莫名其“税” Unusual Taxes in History



Taxation has been around since at least 3000 B.C., when Egyptian Pharaohs1) taxed many items, including grain, imported goods, livestock and beer. Citizens also had to pay a tax on cooking oil, and tax collectors (known as scribes) searched homes for used oil, trying to make sure that everyone was using new cooking oil—and thus paying the tax.

As part of his drive to modernize Russia—and to spur2) Russian men to look more like clean-shaven European men—Peter the Great3) introduced a beard tax in 1705. Any man who wanted to wear a beard, with the exception of priests and peasants, had to pay a tax of as much as 900 rubles. He then had to wear a special medallion4) around his neck as proof of payment.

1  One of the grievances that fueled the French Revolution of 1789 was the salt tax, also called the gabelle5). The tax varied by region, and in some areas residents also had to buy a minimum amount of salt. The result: lots of smuggling6) and unrest. In India, the British salt tax became a focus of Mahatma Gandhi’s nonviolent protest7) against English rule.

Enacted8) in England in 1696 after the short-lived hearth9) tax on fireplaces, the window tax was based on the number of windows in a house. That made assessments easier, since windows, unlike hearths, could be counted from the outside. Many chose to block some of their windows to pay a lower fee. The tax was eventually repealed10) in 1851 on public health grounds11).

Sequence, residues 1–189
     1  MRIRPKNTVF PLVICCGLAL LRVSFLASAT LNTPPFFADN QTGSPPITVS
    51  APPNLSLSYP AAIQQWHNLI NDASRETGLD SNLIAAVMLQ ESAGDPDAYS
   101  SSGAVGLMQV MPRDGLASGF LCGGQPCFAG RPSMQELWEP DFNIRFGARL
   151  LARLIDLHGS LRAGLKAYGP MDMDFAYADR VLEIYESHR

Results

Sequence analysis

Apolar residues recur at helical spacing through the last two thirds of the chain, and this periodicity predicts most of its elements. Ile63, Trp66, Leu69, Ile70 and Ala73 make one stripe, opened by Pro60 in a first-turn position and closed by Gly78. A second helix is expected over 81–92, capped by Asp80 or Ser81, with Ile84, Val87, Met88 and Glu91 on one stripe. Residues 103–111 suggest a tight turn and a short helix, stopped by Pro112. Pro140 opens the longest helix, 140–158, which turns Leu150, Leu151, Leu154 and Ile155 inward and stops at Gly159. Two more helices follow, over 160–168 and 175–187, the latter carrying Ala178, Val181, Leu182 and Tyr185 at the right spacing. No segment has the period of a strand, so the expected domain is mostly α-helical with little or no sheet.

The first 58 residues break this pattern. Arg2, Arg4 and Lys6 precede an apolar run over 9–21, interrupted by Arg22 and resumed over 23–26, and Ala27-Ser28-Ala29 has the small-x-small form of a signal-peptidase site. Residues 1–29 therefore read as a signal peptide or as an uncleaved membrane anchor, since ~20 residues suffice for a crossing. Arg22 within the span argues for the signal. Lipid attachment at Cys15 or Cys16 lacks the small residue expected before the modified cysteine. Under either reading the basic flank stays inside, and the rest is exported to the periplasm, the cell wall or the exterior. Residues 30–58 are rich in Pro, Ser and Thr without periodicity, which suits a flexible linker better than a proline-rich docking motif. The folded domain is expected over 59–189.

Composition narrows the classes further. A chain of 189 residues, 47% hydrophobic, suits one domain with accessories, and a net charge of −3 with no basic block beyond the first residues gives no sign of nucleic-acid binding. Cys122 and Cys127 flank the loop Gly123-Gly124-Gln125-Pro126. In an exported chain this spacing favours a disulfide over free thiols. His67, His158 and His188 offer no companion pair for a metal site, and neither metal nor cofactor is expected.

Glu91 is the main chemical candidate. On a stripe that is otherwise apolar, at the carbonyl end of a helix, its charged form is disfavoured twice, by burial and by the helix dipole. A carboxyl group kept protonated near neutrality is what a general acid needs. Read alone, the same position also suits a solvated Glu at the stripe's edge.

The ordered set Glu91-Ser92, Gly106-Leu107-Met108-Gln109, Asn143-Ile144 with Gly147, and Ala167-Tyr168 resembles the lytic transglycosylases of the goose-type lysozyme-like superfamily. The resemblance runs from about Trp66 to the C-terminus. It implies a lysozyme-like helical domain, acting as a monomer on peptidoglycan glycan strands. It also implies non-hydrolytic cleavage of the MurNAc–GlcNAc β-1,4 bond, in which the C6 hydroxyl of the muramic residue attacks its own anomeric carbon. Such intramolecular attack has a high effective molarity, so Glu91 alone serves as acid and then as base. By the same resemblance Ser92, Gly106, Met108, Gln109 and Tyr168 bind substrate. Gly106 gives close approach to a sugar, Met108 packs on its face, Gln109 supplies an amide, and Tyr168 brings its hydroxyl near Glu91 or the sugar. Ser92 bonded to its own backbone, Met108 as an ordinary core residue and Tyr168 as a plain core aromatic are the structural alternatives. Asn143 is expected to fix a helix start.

Following similar laws in other states, Tennessee passed the “crack12) tax” in 2005, which mandated13) that drug dealers pay taxes anonymously on illegal substances. If a dealer was caught without proof of payment, the state collected taxes, with penalties. Around 3000 people were eligible for14) refunds15) after the law was struck down16) in 2009; a revised law soon followed.

In Alabama, computer solitaire17) has one advantage: Anyone buying a deck18) of playing cards there must pay a 10-cent tax. And retailers must obtain a “playing card privilege license”.

Other states and cities have their own special charges. Maine has a blueberry tax, New York City taxes sliced (but not whole) bagels19), and Minnesota has a fur clothing tax.

1. Pharaoh [ˈfeərəʊ] n. 法老
2. spur [spɜː(r)] vt. 激励,驱策
3. Peter the Great: 彼得大帝(1672~1725),俄国沙皇彼得一世(1682~1725年在位),推行西化改革。在他的统治下,俄国社会摆脱了农奴制的落后面貌。
4. medallion [məˈdæliən] n. 大奖章
5. gabelle: n. (1789年法国大革命前的)盐税;税
6. smuggling [ˈsmʌɡ(ə)lɪŋ] n. 走私
7. Mahatma Gandhi’s nonviolent protest: 圣雄甘地的非暴力抵抗运动。圣雄甘地(1869~1948),印度民族解放运动领袖,领导印度争取独立。他领导了非暴力抵抗和非暴力不合作运动,提倡以非暴力的方式抵抗英国统治。
8. enact [ɪnˈækt] vt. 制定法律;颁布;扮演
9. hearth [hɑː(r)θ] n. 炉边;壁炉地面。hearth tax: 烟囱税
10. repeal [rɪˈpiːl] vt. 废除;撤销;废止;放弃
11. on (the) ground(s) (of): 根据……,以……为理由
12. crack [kræk] n. <美俚> (价格不太贵的)强效纯可卡因
13. mandate [ˈmændeɪt] vt. 命令;法律强制要求
14. be eligible for: 有……资格的
15. refund [ˈriːfʌnd] n. 退款;归还
16. strike down: 驳回;杀死;击倒
17. solitaire [ˌsɒlɪˈteə(r)] n. 单人纸牌戏
18. deck [dek] n. 一副(纸牌)
19. bagel [ˈbeɪɡ(ə)l] n. 百吉饼;贝果